7 Ways to Support Small Business During the Coronavirus Crisis

Posted by Mimsie Ladner on

For small business owners suddenly forced to temporarily halt or drastically alter their operations, support from the community can be the difference between surviving the coronavirus crisis and closing their doors forever.

Here are a few ways you can help to ensure that your favorite small businesses are still around when the pandemic subsides.

Buy a gift card

If you’re conflicted about ordering non-essential goods at the moment, gift cards of any amount are great for later use or for gifts.

By purchasing a gift card – even if it’s just $15 – you immediately inject cash into your go-to gift shop or favorite restaurant and give them the vote of confidence they need to endure these trying times.

Shop local, but online

Many small businesses have online shops in addition to their brick-and-mortar locations. Whenever possible, consider giving them your business.

Even if it’s an online transaction, as long as you are buying from someone in your community, you're helping to keep people in their jobs.

Order out

Your favorite restaurants may have had to shut their doors, but a number of them are still offering takeout or delivery services.

Order food from locally-owned, non-chain restaurants that still provide these services. You may also consider asking restaurants if they'll sell perishable items that they have in stock but that might no longer be available at grocery stores or online retailers. Don’t forget to tip when you pick up your food!

Contribute to a GoFundMe campaign

Donate to an online fundraiser or perhaps even starting one on behalf of a business whose sales have been wiped out.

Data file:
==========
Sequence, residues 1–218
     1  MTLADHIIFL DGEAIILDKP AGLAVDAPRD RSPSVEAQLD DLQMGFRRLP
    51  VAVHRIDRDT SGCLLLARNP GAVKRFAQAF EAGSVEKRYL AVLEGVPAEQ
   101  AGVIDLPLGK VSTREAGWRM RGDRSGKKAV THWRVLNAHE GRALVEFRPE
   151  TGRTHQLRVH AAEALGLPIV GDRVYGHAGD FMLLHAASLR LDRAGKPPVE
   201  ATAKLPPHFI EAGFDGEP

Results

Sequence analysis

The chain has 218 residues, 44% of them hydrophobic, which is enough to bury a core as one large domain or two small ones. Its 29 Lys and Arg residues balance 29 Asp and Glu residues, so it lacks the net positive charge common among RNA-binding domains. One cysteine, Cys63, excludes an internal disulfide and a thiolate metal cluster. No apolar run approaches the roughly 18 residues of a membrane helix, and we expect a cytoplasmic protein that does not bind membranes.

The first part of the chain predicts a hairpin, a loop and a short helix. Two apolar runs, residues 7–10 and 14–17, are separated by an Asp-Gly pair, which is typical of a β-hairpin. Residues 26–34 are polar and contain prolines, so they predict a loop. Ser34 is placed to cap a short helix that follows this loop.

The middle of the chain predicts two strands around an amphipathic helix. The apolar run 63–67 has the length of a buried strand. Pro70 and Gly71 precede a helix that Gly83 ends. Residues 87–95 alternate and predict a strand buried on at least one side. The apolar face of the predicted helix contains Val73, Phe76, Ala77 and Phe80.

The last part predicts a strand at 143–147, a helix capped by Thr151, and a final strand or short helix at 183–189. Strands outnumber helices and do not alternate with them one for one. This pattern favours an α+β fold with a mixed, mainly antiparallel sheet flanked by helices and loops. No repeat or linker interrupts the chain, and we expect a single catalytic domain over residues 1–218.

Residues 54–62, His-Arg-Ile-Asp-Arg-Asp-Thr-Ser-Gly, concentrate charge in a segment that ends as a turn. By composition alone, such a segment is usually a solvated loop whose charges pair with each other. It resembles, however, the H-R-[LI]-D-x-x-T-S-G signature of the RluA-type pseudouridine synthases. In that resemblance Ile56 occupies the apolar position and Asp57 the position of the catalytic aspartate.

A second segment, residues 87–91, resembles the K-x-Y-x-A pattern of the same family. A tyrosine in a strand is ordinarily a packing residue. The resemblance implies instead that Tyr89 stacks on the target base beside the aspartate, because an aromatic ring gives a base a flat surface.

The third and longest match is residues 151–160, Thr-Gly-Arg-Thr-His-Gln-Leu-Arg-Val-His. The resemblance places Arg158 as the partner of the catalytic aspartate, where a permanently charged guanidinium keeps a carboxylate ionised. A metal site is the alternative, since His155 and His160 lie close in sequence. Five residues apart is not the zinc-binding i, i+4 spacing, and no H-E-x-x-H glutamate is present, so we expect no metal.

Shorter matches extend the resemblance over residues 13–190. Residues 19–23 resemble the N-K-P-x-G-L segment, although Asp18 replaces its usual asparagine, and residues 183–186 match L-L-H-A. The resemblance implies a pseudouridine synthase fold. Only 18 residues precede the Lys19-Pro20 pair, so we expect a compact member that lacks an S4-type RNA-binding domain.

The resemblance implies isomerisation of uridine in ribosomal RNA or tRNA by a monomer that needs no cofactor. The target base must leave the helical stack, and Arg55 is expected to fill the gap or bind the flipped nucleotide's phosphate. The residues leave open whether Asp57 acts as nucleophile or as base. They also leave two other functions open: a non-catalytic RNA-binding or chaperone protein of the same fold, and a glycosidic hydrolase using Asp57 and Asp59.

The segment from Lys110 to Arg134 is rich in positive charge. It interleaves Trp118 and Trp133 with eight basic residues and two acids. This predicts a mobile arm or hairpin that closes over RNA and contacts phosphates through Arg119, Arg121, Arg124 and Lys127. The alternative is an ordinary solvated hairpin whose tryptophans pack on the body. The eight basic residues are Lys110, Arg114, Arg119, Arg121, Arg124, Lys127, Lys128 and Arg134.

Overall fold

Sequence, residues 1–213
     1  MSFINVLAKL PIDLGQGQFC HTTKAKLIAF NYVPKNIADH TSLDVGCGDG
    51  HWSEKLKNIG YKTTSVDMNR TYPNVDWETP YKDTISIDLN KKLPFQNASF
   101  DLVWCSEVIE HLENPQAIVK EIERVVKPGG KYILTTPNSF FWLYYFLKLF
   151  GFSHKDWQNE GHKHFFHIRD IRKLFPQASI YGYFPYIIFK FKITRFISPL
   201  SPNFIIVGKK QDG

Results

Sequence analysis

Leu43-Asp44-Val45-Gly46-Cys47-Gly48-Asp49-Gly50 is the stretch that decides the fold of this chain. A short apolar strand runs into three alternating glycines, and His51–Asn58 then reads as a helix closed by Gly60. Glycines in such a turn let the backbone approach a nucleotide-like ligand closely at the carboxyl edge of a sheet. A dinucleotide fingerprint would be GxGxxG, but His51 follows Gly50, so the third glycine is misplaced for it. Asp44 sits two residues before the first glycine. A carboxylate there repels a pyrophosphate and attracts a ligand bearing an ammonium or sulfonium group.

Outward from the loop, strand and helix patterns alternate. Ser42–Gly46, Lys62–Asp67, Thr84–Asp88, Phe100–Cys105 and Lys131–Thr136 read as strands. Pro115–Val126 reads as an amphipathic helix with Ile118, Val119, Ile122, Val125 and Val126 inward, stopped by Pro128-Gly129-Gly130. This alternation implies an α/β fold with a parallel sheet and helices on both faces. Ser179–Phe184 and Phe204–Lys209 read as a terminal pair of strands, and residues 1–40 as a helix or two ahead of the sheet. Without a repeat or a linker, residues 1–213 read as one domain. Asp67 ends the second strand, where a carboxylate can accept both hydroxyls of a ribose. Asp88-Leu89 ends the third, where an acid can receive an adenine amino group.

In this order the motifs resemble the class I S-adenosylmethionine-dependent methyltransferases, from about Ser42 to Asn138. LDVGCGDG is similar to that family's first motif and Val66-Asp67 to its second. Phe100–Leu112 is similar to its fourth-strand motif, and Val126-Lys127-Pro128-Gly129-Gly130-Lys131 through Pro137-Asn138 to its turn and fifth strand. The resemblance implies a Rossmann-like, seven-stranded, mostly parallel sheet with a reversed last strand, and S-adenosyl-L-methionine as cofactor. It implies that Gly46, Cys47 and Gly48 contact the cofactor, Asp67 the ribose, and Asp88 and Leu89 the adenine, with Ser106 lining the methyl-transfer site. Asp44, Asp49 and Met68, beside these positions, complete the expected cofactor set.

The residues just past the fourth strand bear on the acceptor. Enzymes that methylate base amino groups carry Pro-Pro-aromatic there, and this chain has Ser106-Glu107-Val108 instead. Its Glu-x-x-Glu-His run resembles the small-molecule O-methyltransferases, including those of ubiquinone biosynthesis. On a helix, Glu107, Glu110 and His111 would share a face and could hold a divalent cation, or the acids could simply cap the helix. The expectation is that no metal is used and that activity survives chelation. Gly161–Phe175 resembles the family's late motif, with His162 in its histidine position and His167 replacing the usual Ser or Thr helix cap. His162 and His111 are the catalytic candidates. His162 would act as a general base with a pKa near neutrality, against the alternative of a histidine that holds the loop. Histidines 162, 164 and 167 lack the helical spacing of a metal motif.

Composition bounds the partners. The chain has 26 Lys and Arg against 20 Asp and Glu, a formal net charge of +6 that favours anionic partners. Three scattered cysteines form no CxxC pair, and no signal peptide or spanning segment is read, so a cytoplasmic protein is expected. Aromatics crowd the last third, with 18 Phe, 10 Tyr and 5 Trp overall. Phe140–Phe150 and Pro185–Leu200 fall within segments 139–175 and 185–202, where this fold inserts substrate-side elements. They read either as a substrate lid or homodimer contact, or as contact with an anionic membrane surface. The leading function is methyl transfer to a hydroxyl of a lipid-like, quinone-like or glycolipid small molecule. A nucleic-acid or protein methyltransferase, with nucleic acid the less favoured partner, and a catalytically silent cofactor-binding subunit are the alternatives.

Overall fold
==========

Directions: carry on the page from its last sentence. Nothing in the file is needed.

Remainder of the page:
Take a virtual fitness class

Fitness centers worldwide have temporarily closed to contain COVID-19, but may of gyms and/or fitness instructors are streaming workouts online that you can join from home. Many of these are free, but consider making a donation to help out.

 

Stay home if you’re sick

If you feel sick, avoid putting others at risk by staying home and using delivery services for things you need. Even if you don’t feel sick, you could still be carrying the virus unknowingly; use a mask or homemade face covering to avoid spreading the virus when out running essential errands.

Many of the small businesses in your community are working hard to get through this challenging time. The last thing they need is for their workers to get sick because a patron went out when they shouldn't have.

Say "thank you"

When you do go out for essential errands, remember to show your appreciation to the employees who are hard at work stocking shelves, cooking meals and manning check outs.

It can be easy to forget that many of these people are working overtime – not to mention putting their own health at risk – to keep their store clean and stocked with the food and supplies customers need. A simple "thank you" certainly goes a long way to spreading a bit of gratitude.

Stay safe out there, y'all, and remember that we can get through this together.

Community

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